Tuesday, 24 January 2017

Tuesday (2)

More about the wall paintings in Saint Lawrence's Church, Broughton, Buckinghamshire.
The painting above is over the North doorway, and is  a 'Doom' or a painting of the 'Last Judgement'. It is  rather  like, but much smaller than, our Suffolk 'Wenhaston Doom', but has a good many similarities like the Jaws of Hell at the bottom right of the picture.

Above picture shows Saint George destroying the dragon.

Above is the one that fascinates me. According  to  the booklet on the subject it shows 'a collection of blacksmith's tools and products' and I couldn't better that as a description, but it does leave a good many questions unanswered. Why should an English Church be decorated with a collection of a blacksmiths tools and products ?  Very odd.

The above picture shows the  dead Christ in the arms of his mother, surrounded by nine men, including  two who are playing backgammon, both with drawn knives.  The other men are holding parts of the body of the dead Christ. All the standing men are very similar. It has been suggested the pictures are a warning against the worship of religious relics, and also a warning against swearing oaths on body parts..........all  very odd, as indeed are all their legs, which all end at the knees, and are equipped with very large feet. The whole picture is very odd, and probably full of hidden meaning???

Like a great many of our smaller and more remote churches, Saint Lawrence's  should be better known than it is.

Good Night All.


Margaret Brocklehurst said...

It would seem that the outfits in the last picture are possibly medieval (Tudor period) which may explain the odd feet, in that era they may have worn pointed shoes/boots? Pure guesswork though.
Probably the two men were gambling for the parts of the body?
Incredible work and very interesting.

Mike said...

Hello Mags. Thanks for the comment. All the pictures are supposed to date from 1470-1480, so your 'guess' is pretty accurate - just pre Tudor. The only bit of gambling I can remember in the Gospels are the Roman soldiers around the cross 'casting lots' for the Lord's cloak, which was 'woven through-out', and I suppose playing backgammon could equate to 'casting lots'; so I think that's a couple of good bits of 'pure guesswork'. Well done Mag. Thank you.

Pat said...

It's many years ago but I'm sure I saw a very moving statue of Mary holding Christ's body on her lap in St Peter's in Rome. Was it called La Pietra?

Mike said...

Hello Pat. What a good memory you have. The statue you remember was made in 1488/9 by Michelangelo, and is called La Pieta.

Crowbard said...

Just a wild surmise Mike but consider the five gentlemen with bare (or at least uncoloured) left feet; could this imply they were Mithraists, perhaps? I understood that current military practice of marching off by the left foot was in celebration of the youthful soldier god, Mithras.

Mike said...

Hello Crowbard. I know that the Mithraic cult was (generally speaking) the roman soldiers' God, and you may have a point there, but perhaps we should remember that when this wall painting was done the roman soldiers had departed these shores for just over a thousand years. Have you noticed, by the way the peculiar headgear (all different these chaps are wearing? The more I look at this painting the more peculiar the whole thing seems. As I said, full of hidden meaning, I think.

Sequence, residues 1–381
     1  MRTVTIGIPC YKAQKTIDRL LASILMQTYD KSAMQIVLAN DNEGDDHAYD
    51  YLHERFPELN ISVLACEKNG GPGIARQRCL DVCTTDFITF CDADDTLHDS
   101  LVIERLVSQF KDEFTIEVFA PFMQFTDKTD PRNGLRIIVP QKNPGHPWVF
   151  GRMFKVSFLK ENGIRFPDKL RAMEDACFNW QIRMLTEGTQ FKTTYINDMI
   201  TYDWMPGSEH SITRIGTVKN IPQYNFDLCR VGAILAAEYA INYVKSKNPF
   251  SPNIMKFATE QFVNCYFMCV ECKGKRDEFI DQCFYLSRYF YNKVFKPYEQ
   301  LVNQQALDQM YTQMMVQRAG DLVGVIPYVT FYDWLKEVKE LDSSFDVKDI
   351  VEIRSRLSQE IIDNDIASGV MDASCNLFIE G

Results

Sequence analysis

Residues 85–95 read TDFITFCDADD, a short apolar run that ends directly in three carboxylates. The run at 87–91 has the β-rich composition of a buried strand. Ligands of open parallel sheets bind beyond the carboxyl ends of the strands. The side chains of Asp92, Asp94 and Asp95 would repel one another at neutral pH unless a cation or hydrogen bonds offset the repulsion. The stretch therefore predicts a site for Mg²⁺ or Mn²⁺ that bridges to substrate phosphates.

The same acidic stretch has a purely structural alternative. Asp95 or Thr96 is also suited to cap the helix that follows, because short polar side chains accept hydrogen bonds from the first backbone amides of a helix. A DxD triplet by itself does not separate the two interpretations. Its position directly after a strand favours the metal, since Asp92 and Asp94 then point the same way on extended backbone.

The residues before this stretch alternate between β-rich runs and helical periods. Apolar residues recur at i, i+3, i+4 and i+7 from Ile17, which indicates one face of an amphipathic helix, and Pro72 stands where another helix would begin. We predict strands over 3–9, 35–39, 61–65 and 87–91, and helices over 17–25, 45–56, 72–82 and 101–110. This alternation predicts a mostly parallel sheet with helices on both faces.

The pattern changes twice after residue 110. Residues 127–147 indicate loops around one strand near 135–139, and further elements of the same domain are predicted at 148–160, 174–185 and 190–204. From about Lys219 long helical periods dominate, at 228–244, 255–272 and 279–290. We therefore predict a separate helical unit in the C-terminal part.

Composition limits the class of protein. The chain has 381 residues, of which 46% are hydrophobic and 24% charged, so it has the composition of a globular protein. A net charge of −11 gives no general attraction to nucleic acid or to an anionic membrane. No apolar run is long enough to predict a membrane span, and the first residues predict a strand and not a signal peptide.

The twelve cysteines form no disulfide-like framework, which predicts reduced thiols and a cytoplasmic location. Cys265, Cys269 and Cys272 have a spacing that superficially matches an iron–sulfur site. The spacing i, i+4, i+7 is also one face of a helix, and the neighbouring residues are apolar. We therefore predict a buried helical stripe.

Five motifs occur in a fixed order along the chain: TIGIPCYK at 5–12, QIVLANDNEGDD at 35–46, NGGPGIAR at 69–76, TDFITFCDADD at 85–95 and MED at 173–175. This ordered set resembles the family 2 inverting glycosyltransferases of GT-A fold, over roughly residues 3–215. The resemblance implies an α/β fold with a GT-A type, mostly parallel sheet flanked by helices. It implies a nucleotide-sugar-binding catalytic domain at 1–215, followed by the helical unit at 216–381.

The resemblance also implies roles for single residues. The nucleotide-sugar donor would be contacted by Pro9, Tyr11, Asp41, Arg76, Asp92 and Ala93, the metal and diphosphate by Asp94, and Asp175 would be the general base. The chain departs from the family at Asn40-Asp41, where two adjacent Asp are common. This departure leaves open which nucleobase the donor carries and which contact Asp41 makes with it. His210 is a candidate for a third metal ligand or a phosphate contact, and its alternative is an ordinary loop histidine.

Crowbard said...

As you say Mike, but a depiction of the recently crucified Christ showing Roman soldiers in such attire suggests they were not 'main-stream' Roman culture. Probably the cult arrived some decades before dedicated temples were built, possibly with the arrival in Judaea of a small cohort of replacement legionaries from the Crimea.
The locations of the cult of Mithras in the earliest phase c. 80-120 AD are attested by Mithraea (temples to Mithras) datable from pottery at:-
1. Nida/Heddernheim III (Germania Sup.)
2. Mogontiacum (Germania Sup.)
3. Pons Aeni (Noricum)
4. Caesarea Judaea: Mithraeum , a temple to Mithras was located at Caesarea Maritima, Israel. Constructed originally for grain storage, and built in the 1st century A.D., as a coin of Nero beneath the floor indicates. (NerĊ Claudius Caesar Augustus Germanicus; 15 December 37 AD – 9 June 68 AD) was Roman Emperor from 54 to 68) Work on the mithraic ceramics found suggested that the Mithraeum could be late first/early second century
Datable inscribed dedications:
• Nida/Heddernheim I (Germania Sup.) (CIMRM 1091/2, 1098)
• Carnuntum III (Pannonia Sup.) (CIMRM 1718)
• Novae (Moesia Inf.) (CIMRM 2268-2269)14
• Oescus(Moesia Inf.)(CIMRM 2250)
• Rome(CIMRM 362, 593-594)
Datable literary reference:
• Rome (Statius, Thebaid, 1.719-20)
The kerch plaques:
• Five small terracotta plaques of a figure holding a knife over a bull have been excavated near Kerch in the Crimea. Two have been included in the CIMRM as CIMRM 11 and CIMRM 12. The bull-slaying figure wears a Phrygian cap, but is otherwise unlike standard depictions of the tauroctony.15
• There are differences of opinion over the date. Beskow, who believes that the cult of Mithras originated here and diffused from here, dates them to the second half of the 1st century BC,16, Clauss in Gordon's translation dates them to 50 BC,17 and Beck dates them to between 50 BC-50 AD.18
So it is possible that the Roman soldiers present at Christ’s crucifixion (estimated by the majority of modern scholars to the date April 7, 30 AD. Another popular date is Friday, April 3, 33 AD) were aware of Mithraism if not followers of the cult.